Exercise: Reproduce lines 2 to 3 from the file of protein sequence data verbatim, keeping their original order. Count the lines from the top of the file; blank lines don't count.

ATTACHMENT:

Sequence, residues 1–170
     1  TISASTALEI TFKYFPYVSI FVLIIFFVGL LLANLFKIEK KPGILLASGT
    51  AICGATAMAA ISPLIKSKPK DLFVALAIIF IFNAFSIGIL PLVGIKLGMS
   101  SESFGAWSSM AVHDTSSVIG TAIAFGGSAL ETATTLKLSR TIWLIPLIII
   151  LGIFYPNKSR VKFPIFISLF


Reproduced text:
     1  TISASTALEI TFKYFPYVSI FVLIIFFVGL LLANLFKIEK KPGILLASGT
    51  AICGATAMAA ISPLIKSKPK DLFVALAIIF IFNAFSIGIL PLVGIKLGMS